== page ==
The mobile landscape is constantly changing, and the question “What phone should I buy?” is always a moving target. As the landscape changes, I’ll update this post accordingly.

Choosing, or losing, my religion

There’s been a lot of talk about how the ecosystem wars are heading up; walls are getting taller and moats are getting deeper, as both Apple and Google work to ensure you invest so heavily in their products and services that leaving becomes an overly-painful proposition.  The question was posed on The Verge’s forums:

I’ve been an Apple guy thus far. But I am waiting to see what comes out of the Moto 360, Nexus 6 and Android Silver launch later this year. We all pretty much know what iPhone 6, iOS 8 and OSX is bringing to the table, so no mystery there.

If I don’t switch from Apple now, I am not sure I ever will, so I want to give Android a serious look before making the decision. I want to wait till December and see how things shake out in the platform wars.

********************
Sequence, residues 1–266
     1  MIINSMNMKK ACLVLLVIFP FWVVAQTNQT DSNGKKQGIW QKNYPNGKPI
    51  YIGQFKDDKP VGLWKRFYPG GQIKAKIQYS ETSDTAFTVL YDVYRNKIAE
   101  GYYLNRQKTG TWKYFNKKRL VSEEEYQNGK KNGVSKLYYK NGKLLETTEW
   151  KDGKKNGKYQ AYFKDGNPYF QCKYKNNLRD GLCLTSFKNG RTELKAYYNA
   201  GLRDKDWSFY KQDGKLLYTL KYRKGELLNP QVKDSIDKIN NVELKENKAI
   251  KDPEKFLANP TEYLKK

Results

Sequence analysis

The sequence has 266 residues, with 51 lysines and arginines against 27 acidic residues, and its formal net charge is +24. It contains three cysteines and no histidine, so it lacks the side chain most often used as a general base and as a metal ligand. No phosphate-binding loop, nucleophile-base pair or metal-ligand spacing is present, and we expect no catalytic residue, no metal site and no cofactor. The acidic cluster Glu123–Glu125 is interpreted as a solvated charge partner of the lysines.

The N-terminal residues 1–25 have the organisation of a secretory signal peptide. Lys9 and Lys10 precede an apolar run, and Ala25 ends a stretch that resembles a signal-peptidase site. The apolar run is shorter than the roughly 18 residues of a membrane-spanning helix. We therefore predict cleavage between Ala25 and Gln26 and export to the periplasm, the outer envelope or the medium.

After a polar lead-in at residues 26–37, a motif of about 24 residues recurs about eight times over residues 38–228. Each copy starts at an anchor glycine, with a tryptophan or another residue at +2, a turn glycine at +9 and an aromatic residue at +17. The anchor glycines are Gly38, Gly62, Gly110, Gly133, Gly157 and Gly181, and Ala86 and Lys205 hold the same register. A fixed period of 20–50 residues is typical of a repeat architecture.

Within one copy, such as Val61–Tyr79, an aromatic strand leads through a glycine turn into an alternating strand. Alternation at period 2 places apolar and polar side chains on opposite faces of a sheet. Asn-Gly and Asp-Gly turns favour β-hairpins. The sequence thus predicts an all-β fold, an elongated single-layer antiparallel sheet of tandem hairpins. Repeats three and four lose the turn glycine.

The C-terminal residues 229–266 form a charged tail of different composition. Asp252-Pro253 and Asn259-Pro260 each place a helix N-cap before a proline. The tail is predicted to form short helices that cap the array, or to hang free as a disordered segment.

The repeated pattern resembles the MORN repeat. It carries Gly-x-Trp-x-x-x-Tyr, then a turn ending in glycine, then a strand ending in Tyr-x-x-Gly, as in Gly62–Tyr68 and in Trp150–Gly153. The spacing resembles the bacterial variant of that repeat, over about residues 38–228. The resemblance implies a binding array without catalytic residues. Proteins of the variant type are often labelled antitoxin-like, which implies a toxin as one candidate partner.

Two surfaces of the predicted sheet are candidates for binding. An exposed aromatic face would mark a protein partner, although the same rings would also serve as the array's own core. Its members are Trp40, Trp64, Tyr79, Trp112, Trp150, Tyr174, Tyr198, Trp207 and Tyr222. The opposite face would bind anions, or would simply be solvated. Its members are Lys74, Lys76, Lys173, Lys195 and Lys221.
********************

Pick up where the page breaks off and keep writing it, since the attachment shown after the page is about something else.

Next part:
Anybody else taking the wait and watch approach before making their next big tech purchase – smart phone, tablet, smart watch etc.?

With all of this going on, I’ve been pondering just how invested I am in my current daily driver setup.  I know I have absolutely no desire to use anything but OS X on my primary computing device – everything else is certainly up for grabs, though. This year I’ll probably continue to coast with the Nexus 5 and 7, unless this year’s iPad refresh is truly remarkable. I love iPad hardware, and iOS is…fine, but I just can’t justify $400-500 for something that’s a luxury for me at best. I need a PC, and I need a smartphone…but my tablet use cases are generally limited to “electronic reader and light gaming machine”, and the Nexus 7 is perfectly adequate for that. Of course, I occasionally find myself tempted by the fairly impressive iPad-exclusive tablet game line-up, FTL being a high-profile example. Since price is my primary concern, maybe I’ll look into a used retina Mini at some point.